In southeastern Ireland, most people don't see a compelling case for high-speed Internet access. Some of my students are surprised to hear that they can cap their monthly costs of Internet access through a DSL connection. Most would use Internet services to learn more if they knew the clock wasn't ticking for every minute of their connectivity. There are things we can do to educate them about these facts.Amarach -- "Fixed and Mobile User Research" (443kb Powerpoint) x_ref1482 x_ref17
JOHN MCGUINNESS -- National politicians like John McGuinness know that IT systems can provide great benefits but it is also possible for them to go off the rails. "In the real world, IT is being credited for giving greater efficiencies and creating money," McGuinness told The Irish Examiner when reviewing public sector IT spending. "I do not know any private companies that have made the same level of mistakes."
KILKENNY -- Today a team of five evaluators from the Irish Higher Education Training Awards Council visits our multimedia staff to determine whether we can issue a third level mutimedia degree in our own name. I know how precocious our submission appears to be. We have a campus of one building, 60 multimedia computers in three labs, five classrooms containing fewer seats than several rostered classes, a library holding 82 more new media books than I own and a cafeteria that is bigger than every chapel in County Tipperary. We love our chips in Tipp. This upstart campus community has a higher profile in Google than much larger and long-time accredited institutions that award students a "multimedia diploma" in Ireland. If Google gives the nod to our current visibility, perhaps HETAC should concur with the conferring of degree-awarding status.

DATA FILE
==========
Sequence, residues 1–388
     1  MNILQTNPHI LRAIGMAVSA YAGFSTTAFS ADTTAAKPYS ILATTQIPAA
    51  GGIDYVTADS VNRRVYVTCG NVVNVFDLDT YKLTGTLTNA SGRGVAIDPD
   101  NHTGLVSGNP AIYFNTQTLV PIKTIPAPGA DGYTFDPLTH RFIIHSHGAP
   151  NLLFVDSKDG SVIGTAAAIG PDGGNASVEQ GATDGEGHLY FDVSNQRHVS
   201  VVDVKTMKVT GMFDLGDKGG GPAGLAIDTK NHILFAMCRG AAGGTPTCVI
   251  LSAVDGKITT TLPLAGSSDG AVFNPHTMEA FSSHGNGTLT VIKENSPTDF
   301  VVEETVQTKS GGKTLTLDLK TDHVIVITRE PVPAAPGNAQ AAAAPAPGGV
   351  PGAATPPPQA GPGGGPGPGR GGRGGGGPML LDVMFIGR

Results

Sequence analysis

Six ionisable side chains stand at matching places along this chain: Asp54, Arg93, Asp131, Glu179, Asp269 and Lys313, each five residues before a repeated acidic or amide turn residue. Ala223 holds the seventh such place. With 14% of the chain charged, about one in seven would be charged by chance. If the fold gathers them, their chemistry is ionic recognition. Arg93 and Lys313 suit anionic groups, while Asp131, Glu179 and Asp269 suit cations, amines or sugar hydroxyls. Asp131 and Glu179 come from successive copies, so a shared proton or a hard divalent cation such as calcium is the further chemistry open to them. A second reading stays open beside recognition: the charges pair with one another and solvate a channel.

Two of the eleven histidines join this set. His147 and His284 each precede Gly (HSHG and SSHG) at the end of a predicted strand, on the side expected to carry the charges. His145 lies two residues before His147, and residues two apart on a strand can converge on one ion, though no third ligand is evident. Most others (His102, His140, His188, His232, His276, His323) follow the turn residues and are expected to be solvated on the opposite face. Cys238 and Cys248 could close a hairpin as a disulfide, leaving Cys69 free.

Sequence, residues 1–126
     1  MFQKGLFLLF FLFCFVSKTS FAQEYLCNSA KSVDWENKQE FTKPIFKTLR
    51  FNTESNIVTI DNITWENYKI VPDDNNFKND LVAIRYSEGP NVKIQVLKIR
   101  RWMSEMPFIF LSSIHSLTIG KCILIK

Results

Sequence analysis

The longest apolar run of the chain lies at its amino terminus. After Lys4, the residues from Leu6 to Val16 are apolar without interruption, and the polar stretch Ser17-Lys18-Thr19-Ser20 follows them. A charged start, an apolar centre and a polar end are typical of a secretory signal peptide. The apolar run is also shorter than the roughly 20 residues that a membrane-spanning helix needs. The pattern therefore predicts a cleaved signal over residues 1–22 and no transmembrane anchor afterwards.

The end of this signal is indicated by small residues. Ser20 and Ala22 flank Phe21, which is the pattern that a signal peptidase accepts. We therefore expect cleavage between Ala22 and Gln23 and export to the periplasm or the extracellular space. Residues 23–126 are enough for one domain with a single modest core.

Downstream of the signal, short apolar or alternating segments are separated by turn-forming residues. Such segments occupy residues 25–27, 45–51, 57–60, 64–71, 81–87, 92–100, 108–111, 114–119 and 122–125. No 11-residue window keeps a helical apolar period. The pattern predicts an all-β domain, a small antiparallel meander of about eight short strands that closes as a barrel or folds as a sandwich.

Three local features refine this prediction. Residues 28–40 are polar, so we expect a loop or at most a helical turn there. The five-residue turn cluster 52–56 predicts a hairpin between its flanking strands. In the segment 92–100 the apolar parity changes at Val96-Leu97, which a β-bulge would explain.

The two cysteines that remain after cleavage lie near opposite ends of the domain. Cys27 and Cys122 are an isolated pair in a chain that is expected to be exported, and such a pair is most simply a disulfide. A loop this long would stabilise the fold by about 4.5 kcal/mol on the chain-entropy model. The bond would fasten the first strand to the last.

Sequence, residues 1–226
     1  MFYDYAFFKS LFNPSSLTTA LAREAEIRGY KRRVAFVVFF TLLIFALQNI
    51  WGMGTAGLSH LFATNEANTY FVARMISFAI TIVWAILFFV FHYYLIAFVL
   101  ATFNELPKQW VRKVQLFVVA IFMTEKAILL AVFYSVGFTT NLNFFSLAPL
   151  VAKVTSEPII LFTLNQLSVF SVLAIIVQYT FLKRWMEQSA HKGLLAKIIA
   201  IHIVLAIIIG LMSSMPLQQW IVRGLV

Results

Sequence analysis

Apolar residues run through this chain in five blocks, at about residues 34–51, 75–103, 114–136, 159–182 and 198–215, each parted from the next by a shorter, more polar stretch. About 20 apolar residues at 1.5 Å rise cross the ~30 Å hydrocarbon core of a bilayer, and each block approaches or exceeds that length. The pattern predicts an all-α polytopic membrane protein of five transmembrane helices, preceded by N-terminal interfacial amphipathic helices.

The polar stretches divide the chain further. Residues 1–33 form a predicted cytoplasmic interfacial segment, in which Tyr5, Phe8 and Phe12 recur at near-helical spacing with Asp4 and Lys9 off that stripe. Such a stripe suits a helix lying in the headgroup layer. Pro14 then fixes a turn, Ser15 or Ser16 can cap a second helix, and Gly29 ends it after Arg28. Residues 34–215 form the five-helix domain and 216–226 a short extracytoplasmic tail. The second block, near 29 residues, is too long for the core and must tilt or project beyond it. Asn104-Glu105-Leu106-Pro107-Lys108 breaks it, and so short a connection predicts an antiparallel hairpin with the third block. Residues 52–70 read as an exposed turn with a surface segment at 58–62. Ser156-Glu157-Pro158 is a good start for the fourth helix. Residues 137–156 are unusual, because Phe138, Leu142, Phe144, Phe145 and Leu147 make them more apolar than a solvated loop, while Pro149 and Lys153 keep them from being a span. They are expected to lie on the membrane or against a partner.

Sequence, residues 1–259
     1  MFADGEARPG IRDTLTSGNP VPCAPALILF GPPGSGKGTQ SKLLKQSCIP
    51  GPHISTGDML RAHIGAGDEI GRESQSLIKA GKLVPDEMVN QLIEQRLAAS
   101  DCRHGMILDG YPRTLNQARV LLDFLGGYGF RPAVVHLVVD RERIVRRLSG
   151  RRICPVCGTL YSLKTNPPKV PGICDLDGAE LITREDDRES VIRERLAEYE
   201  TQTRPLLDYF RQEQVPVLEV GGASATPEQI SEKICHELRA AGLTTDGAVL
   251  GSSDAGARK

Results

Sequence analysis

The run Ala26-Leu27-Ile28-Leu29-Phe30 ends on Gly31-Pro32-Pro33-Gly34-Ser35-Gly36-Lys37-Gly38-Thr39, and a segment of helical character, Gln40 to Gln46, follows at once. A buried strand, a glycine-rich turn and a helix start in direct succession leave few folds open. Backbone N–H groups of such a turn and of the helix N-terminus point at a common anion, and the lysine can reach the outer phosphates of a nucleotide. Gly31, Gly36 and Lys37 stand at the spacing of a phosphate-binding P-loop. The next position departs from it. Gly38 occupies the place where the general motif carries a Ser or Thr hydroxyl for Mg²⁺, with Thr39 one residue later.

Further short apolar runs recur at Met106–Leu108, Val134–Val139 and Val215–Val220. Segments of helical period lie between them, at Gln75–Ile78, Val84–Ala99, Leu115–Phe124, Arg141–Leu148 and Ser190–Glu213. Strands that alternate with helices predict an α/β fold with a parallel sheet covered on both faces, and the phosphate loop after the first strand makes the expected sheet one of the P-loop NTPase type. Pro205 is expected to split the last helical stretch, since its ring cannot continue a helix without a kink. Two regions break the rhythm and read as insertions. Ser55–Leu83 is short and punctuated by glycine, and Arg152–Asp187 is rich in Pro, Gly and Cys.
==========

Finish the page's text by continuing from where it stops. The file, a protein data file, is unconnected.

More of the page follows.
CADENHEAD -- Radio UserLand KickStart is shipping and Radio users should get a copy. The chapter on Outlining is really helpful. I'm divorced from my Radio blog while my TransNote sits in The Computer Hospital with a broken power supply. In the meantime, I have evolved into a Communicator Blogger Tutor.Rogers Cadenhead -- Radio UserLand Kickstart Dave Winer begrudgingly permits your purchase through Amazon. x_ref125ru
KILKENNY -- When I look through 10 consecutive years of my flight logs, I remember how far I could see at night. Because you can see the stars at night, hundreds of thousands of miles away. I could see stars when cruising above the tropopause that were well beyond the distance of the sun. Trapped now on the ground at night, most of my long distance vision comes through my electronic connections. I can see the electronic footprints of people visiting Irish Typepad, including 374 who came yesterday in search of the "last flight of Concorde." I see several women with cancer visiting here after midnight in Ireland. Nearly 20 different American students come to this virtual slice of Ireland after their nightly news programs air in the States. For some reason, they can see my Irish Typepad more clearly when darkness cloaks Ireland. I can see them more clearly too as my connectivity rips faster when the Irish and British Isles are asleep.
Sent mail2blog using Nokia Communicator O2 TypePad service. x_ref1256